Review: M. Night Shyamalan's Road to Redemption Begins With 'The Visit'

He gave us  "The Sixth Sense," "Signs" and "Unbreakable," and was heralded as the next Spielberg. Then came "Lady in the Water," "The Happening," and the soul-crushing blandness that was "The Last Airbender," which cemented his name into a punch line. But don’t count out M. Night Shyamalan just yet. With "The Visit," this spirited filmmaker reminds us of the power he has to thrill an audience , and the fun that can be found in his twisted tales.

Starring Olivia DeJonge and Ed Oxenbould, "The Visit" follows teen siblings on a trip to meet grandparents (Peter McRobbie and Deanna Dunagan) who've have been long estranged from their mother (the eternally affable Kathryn Hahn). While their mom is away and only reachable through the occasional Skype call, 15-year-old Rebecca (DeJonge) hopes to bring some closure to this familial rift by making a documentary about their stay. Her girl-crazy 13-year-old brother Tyler (or T Diamond Stylus, if you prefer his rapper name) serves as her B-camera operator and, more importantly, her reality check as their footage grows increasingly freaky.

While the found-footage genre has become overrun with sloppily shot messes, Shyamalan deftly sidesteps this horror convention's biggest pitfalls. Although there is some "shaky cam" to be found, the film is largely shot in smooth, thoughtful setups that befit Rebecca's enthusiasm for making a worthwhile doc. There's visual tension in shots that leave open corners that could be filled with a frightening figure. And there are no headaches to be had from a droning blur of dodgy camera work. Better still, Shyamalan justifies the cameras' prevalence by making them a security blanket for the spooked siblings. In a world where so much seems beyond their control, their documentary-in-the-making feels like something they can control.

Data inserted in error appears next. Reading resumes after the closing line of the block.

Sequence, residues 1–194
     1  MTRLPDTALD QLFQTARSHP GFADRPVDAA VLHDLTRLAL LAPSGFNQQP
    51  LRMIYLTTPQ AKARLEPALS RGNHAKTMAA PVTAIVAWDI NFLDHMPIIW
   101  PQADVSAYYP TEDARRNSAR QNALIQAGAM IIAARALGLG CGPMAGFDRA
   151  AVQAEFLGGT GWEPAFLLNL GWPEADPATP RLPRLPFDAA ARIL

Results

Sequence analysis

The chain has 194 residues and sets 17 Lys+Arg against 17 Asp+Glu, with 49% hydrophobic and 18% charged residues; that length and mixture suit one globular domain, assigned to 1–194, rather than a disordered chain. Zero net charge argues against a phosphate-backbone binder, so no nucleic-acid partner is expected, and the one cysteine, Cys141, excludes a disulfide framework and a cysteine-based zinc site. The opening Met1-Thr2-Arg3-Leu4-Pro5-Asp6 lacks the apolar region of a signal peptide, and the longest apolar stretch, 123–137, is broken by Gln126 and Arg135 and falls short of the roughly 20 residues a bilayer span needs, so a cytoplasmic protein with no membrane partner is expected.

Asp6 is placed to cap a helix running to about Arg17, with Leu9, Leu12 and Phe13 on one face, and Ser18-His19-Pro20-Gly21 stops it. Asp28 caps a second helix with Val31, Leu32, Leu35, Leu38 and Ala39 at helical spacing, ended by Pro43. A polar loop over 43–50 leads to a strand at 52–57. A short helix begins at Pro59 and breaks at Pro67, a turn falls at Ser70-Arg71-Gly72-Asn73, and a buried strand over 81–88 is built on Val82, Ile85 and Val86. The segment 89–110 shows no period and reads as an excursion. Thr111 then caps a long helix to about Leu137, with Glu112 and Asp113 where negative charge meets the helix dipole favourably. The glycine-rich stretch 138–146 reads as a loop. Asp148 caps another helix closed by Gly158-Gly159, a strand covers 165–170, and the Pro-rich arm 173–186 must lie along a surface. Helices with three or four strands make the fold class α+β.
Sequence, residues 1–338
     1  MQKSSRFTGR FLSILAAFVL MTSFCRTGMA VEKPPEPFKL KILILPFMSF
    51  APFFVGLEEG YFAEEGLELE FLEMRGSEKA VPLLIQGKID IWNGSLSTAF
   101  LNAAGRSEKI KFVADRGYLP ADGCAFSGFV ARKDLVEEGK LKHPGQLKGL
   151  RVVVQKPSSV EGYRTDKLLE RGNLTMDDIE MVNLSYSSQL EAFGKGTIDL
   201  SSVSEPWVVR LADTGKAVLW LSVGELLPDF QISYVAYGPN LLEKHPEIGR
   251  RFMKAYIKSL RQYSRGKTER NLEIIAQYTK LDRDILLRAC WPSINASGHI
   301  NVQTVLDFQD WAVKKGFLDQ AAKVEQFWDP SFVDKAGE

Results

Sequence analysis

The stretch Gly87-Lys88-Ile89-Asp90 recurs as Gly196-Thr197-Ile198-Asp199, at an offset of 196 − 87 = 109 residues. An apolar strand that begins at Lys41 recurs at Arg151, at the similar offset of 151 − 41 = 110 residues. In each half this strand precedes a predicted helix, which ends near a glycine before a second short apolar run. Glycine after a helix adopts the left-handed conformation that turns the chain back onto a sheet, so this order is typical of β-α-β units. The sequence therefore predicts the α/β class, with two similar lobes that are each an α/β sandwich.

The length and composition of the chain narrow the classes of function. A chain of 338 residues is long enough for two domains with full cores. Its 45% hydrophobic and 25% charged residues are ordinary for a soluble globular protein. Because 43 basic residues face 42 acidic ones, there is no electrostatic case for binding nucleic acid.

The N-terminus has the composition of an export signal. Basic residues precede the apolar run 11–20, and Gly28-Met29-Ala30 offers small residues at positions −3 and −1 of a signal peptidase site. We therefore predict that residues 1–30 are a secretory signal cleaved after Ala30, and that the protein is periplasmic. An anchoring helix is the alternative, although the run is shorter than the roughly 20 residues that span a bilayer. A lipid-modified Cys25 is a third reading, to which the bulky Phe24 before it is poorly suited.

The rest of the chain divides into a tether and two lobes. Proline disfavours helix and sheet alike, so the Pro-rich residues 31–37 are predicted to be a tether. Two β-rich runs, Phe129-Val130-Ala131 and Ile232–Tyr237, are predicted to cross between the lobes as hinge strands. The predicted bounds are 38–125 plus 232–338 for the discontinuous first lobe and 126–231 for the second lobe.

Shyamalan shines in scenes where childish dares (like chasing each other underneath the porch) turn into devilish scares (like grandma unexpectedly joining the game with an eerie relish). Of course, there are patronizing explanations about granny's strange behavior, essentially boiling down to "old people act funny sometimes." But as the kids' final day on the family farm draws closer, so does the sickening realization that something's really wrong with the woman who cackles at walls and urges her grandchildren into her conspicuously large oven. Punctuated by crooked smiles and dull eyes, Dunagan is breathtaking as the movie's monster, mutating from pitiably vulnerable to perfectly vicious at a breakneck speed that's deliciously disturbing.

Yet, it's a pleasant surprise that "The Visit" is rollicking, frightening fun, fit for the whole family. Kids are at its core, and a PG-13 rating limits the gore and the cursing in a way that feels organic to the film, as opposed to coldly tactical to its marketability. The cameras cleverly avoid angles that would be too gruesome for youngsters, yet doesn't deaden the impact of its violence. And Tyler's decision that it'd be more fun for him to use pop-star names ("Shakira!" "Sarah McLachlan!") in place of curse words creates a clever censorship dodge, as well as a running gag that (remarkably) pays off every time.

Admittedly, mileage on the kid heroes may vary for grown-ups. While Oxenblould and DeJonge have an earnest charisma, one person's "adorable" is another's "obnoxious" (I grew a little tired of Tyler's tawdry raps). But where certain recent family adventures have doled out kids so unappealing you might root against them, "The Visit" establishes a dysfunctional but loving mother-daughter-son trio that feels real, complex and worthy of our attention and cheers.

Shyamalan's screenplay crafts relatable siblings whose differences make for great comedic collisions and banter, smoothing the rough edges of the storyline. Then he threw them into a scary scenario where the possibilities are endless. Are these grandparents possessed? Aliens? Infested by killer trees? The answer is sick and satisfying, complemented by a conclusion that's emotionally rich and uniquely charming.

Watching "The Visit," I was pleasantly reminded of the classic Nickelodeon series, "Are You Afraid of the Dark?," in which  a kid would be pitched into peril, forced to figure a way out without parental intervention. I remember watching those shows in a dark room, daring myself not to blink, not to turn on the lights, but to lean into the fear. Decades later, surrounded by a raucous crowd that was loving the hell out of this ghoulish thrill ride, I screamed. I threw my hands over my face. I lost my cool and felt like a kid again. And I wasn't alone, which made it awesome.

"The Visit" opens today.

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